Associations of social-environmental and individual-level factors with adolescent soft drink consumption: Results from the SMILE study
Health Education Research , Volume 22 - Issue 2 p. 227- 237
Adolescent obesity is positively associated with soft drink consumption. We investigated the association of social-environmental and individual-level factors with soft drink consumption in a Dutch adolescent sample. Data were gathered in a longitudinal Dutch adolescent sample (n = 208, 62% girls). Soft drink consumption, social cognitions from the Theory of Planned Behaviour and parenting practices towards limited soft drink intake, and Big Five personality dimensions were assessed. Data were analyzed using three-step linear regression analyses. Effect sizes were used as the informational source for the explanatory value of the model. Interaction terms were computed to test the individual-environment interaction. Attitude and subjective norm were significantly associated with soft drink consumption. When controlling for social cognitions, the distal variables parenting practices and the personality dimension Agreeableness remained significantly associated with soft drink consumption. Agreeableness moderated the association of parenting practices with adolescent soft drink consumption. Standardized regression coefficients ranged from 0.16 to 0.24 and explained 14% of the variance in soft drink consumption, indicating a medium effect size. Stricter parenting practices were associated with less soft drink consumption and these effects were moderated by adolescent personality. The direct effects of practices and personality are noteworthy from a theoretical perspective. Implications for obesity prevention interventions are discussed.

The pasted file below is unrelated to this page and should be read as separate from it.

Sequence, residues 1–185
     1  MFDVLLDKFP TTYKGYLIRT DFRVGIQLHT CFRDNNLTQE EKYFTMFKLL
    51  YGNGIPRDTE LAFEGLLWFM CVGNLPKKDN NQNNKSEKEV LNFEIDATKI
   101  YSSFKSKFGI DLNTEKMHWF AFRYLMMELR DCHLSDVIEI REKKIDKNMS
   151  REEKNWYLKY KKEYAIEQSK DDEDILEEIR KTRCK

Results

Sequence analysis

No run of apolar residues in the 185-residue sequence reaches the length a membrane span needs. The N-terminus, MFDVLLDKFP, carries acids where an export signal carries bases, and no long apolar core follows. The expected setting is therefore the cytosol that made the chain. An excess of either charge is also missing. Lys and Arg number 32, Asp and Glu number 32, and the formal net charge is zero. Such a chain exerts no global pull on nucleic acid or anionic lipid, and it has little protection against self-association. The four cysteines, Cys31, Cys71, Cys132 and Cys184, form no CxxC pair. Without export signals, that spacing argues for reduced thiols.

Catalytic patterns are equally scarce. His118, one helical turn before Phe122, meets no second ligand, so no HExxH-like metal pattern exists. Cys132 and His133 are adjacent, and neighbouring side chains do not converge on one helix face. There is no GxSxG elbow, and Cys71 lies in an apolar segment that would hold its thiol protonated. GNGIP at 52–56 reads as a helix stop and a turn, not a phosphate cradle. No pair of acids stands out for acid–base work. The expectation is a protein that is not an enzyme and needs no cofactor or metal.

|Health Education Research|
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|Organisation||Erasmus MC: University Medical Center Rotterdam|
de Bruijn, G.J, Kremers, S.P.J, de Vries, H, van Mechelen, W, & Brug, J. (2007). Associations of social-environmental and individual-level factors with adolescent soft drink consumption: Results from the SMILE study. Health Education Research, 22(2), 227–237. doi:10.1093/her/cyl066